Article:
Drinking root beer and hanging with pastors on a Friday night

How can we not be excited about God?

I’ve been working on a short message from Ephesians 1:3-10 that I’m teaching on at our church’s monthly ladies’ breakfast. As I prayed about what to discuss, this subject kept floating back into my head: regaining our awe and wonder of God. Enter in the magnificent blessings we have in Christ.

The apathy is easy. The laziness is easy. Skipping our faithful reading of the Word is easy. And then we grow numb and forget who our Lord is and what exactly he has done for us. No wonder the Israelites were commanded to REMEMBER HIM:

“Hear, O Israel: the Lord our God, the Lord is one. Love the Lord your God with all your heart and with all your soul and with all your strength. These commandments that

We’re having leftovers for dinner tonight

There is so much left to know about God.

Until about two years ago, I was sort of “yeah-okay-cool” about reading the Bible; I was frustrated that I had a hard time reading it, and I dutifully tried my best to please God by reading it. I didn’t really “study” a whole bunch. I didn’t invest a lot of time into thinking about what I had read, how it affected my beliefs, and what it all meant for reality, for life.

After all, growing up in church, I had essentially heard it all before. Right?

I think that, all too often, we as Christians forget about why we do what we do. Why do you read the Bible? Why do I?

“…that I may know Him,” wrote Paul in Phil 3:10. For too long, I was really only reading the Bible to check it off a list, to feel better, to assuage my own personal

Brink

Sitting in the campus coffee shop with Corbin the Class President and studying for final exams is a strange deal. As I reflect on the ending of Year 2 and rain flops into the plaza, I’m reminded again of how time always flies too fast.

You blink, and it’s gone.

I’ve got several topics swirling around my mind: how we systematize too much, beauty as gift, intercessory prayer, motivations, grad school, frappuccinos. I’m thinking how adult I don’t feel even though I’m halfway done with Bible college and taking on more responsibility every moment. I’m memorizing the facial expressions and vocal inflections of those who are moving on. I’m praying that I may know Christ more each day.

Sometimes, I feel like this is a joke, or like I’m still 10 years old and will wake up in my pink Barbie nightgown one of these days to my dad making cinnamon raisin toast. There are

“Don’t You Know Who I Think I Am?” and the Slump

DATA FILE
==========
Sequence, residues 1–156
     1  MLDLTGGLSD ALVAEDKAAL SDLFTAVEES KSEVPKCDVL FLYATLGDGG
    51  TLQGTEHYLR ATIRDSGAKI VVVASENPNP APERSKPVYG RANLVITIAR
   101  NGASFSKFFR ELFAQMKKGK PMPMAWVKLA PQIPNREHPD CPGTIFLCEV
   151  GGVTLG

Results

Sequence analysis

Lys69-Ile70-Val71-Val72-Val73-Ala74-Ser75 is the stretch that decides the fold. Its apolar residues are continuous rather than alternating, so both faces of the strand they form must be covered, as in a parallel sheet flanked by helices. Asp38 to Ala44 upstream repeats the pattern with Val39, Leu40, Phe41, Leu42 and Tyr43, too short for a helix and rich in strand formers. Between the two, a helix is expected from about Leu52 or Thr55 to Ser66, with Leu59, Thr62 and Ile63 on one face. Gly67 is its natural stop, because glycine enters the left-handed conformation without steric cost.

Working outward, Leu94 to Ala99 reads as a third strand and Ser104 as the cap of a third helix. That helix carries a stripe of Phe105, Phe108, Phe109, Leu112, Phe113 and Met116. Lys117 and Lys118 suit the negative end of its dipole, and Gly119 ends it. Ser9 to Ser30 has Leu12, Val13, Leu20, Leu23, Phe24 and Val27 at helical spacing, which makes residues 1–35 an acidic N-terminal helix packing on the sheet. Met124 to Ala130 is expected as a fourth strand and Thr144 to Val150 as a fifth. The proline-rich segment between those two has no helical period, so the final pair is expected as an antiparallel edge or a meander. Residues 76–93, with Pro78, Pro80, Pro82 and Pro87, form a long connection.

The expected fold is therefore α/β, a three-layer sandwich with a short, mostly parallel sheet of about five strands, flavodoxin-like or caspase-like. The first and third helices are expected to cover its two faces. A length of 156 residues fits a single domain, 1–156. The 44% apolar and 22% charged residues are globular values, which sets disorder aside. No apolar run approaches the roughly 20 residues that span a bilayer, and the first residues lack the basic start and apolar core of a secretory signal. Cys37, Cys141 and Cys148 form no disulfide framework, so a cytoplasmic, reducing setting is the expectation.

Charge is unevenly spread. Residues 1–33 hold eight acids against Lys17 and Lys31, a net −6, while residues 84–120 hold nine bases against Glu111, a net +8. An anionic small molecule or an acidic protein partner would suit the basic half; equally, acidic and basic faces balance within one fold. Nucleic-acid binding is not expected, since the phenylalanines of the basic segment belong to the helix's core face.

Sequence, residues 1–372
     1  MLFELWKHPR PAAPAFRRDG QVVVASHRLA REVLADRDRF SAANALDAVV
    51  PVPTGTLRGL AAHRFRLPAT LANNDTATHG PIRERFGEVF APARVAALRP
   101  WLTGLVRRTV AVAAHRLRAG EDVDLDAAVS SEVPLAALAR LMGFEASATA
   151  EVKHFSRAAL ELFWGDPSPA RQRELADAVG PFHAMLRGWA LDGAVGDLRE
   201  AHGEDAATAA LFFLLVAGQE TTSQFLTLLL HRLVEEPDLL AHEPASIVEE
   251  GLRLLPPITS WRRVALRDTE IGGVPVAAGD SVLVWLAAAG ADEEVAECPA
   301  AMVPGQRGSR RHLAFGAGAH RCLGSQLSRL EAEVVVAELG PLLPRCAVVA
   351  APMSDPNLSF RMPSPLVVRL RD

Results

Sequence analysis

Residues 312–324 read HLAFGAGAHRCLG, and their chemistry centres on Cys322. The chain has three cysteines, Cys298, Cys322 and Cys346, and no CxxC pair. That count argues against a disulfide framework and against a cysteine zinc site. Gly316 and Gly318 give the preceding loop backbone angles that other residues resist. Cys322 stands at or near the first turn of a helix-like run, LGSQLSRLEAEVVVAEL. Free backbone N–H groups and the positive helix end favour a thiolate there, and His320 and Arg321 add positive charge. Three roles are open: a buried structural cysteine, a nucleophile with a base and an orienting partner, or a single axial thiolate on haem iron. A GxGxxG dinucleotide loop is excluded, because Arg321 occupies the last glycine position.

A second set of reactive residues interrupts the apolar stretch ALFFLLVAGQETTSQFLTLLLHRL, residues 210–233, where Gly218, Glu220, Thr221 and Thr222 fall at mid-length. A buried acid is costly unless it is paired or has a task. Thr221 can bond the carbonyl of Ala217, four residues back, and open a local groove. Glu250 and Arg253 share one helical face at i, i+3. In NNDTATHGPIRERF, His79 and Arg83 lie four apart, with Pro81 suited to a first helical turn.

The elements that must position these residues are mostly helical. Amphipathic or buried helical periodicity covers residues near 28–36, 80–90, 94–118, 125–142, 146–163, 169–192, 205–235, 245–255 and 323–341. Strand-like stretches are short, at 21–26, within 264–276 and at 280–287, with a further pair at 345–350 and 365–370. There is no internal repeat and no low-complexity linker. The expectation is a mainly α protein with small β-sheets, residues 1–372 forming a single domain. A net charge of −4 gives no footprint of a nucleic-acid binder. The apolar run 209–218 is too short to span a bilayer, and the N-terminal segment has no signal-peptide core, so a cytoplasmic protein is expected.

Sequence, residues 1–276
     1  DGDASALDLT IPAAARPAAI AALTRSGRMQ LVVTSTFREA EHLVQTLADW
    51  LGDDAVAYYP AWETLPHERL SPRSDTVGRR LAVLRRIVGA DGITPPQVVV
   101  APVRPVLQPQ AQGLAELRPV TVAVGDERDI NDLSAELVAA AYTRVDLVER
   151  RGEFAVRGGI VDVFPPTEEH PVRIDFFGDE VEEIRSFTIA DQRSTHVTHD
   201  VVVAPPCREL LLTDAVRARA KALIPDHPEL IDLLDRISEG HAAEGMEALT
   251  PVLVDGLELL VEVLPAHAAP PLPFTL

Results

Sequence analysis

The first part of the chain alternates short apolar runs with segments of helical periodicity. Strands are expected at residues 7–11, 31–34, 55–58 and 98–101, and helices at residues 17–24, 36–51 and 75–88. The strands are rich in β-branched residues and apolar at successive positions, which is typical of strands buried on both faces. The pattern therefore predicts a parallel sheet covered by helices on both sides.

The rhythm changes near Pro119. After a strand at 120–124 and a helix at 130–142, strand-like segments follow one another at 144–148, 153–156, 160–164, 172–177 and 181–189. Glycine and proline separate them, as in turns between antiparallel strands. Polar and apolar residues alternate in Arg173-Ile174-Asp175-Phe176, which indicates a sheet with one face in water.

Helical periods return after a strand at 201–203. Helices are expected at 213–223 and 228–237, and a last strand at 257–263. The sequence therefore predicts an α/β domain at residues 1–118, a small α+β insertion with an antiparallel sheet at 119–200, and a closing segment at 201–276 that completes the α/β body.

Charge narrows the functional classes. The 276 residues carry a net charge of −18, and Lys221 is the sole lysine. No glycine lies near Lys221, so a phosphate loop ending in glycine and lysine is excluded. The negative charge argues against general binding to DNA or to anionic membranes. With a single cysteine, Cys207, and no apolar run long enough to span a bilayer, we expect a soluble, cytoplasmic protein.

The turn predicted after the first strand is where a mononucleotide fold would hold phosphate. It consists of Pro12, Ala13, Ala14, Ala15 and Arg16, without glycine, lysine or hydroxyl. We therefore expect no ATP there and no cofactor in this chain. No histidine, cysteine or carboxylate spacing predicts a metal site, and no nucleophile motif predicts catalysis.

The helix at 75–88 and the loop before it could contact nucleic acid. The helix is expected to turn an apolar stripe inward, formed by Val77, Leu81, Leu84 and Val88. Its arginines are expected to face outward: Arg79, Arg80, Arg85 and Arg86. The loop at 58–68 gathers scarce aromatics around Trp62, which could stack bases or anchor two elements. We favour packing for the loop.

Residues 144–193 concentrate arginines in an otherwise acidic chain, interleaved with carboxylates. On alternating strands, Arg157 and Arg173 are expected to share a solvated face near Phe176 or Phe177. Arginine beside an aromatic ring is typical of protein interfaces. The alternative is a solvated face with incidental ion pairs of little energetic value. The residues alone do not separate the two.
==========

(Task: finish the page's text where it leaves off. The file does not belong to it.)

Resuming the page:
They say quitters never win, says the song I’m listening to at this moment.

Tex and I grabbed milkshakes last night. Again, this brother in the Lord preached the Gospel back to me and reminded me of much.

I’ve been up and down this semester; I’m dubbing it a slump, because I’ve found myself questioning a lot and feeling in a funk quite often. Part of it is the weighty amount of, “Kaitlyn, I need you to pray for me right now” and, “Kaitlyn, where is God in my pain? Why won’t he bring peace?” The other part is simply Year 2: too far from the beginning to remember why I started and too far from the end to see the light of God’s future ministry for me.

Tex is one of those people who can genuinely encourage. The Spirit working through him lifted my heart and made me rethink my outlook on

“Space Oddity” and the Resurrection

I spent the weekend up in my Northwoods with a merry bunch of travelers.

Yes, our theme song was the infamous David Bowie track. Yes, we ate fish fry, walked in the woods, and stepped out onto the frozen lake near the house. Yes, we celebrated the merciful, amazing miracle of our Lord Jesus Messiah’s resurrection.

Death, where’s the sting now when the designer of all history and sustainer of the universe himself defeated you?

Returning back to campus for the final six weeks is going to be a long run, but reflecting on what Jesus did out of love for us is fuel and joy and motivation that yes, sin is conquered and can be overcome; yes, there is hope; and yes, there is victory.

My favorite account of his resurrection is in the book of John because of what happens to Mary Magdalene. She was redeemed at the Lord’s hand from tortuous